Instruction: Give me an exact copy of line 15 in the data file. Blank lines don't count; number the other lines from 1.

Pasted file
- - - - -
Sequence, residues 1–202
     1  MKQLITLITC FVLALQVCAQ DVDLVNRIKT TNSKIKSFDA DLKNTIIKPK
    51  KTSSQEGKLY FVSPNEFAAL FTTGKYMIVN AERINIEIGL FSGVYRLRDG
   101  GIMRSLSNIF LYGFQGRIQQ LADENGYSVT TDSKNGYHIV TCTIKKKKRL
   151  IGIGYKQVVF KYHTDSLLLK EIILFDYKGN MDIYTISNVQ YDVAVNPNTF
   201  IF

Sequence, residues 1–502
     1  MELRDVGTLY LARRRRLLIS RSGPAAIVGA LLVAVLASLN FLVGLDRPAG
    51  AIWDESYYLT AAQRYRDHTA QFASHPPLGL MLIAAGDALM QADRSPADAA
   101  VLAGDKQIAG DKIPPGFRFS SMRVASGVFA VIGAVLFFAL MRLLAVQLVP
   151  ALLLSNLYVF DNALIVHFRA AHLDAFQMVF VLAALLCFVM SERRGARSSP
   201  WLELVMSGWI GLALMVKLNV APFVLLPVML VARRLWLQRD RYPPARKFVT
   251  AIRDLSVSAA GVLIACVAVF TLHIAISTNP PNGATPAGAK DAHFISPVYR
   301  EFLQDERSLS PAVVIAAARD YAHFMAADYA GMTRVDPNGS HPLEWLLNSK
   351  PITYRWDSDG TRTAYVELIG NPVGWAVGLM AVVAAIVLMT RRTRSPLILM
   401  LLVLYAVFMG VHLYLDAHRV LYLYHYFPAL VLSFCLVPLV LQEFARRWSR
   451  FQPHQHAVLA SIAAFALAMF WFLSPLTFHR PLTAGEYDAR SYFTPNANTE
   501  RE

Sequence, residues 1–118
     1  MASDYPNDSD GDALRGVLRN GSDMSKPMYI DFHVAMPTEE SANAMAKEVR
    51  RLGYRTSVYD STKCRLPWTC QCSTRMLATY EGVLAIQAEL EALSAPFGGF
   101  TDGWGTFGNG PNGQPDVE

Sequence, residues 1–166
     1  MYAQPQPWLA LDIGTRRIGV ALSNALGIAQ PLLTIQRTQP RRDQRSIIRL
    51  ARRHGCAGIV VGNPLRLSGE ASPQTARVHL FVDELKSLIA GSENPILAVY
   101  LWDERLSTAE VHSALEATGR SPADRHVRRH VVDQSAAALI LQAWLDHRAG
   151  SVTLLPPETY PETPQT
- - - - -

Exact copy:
   351  PITYRWDSDG TRTAYVELIG NPVGWAVGLM AVVAAIVLMT RRTRSPLILM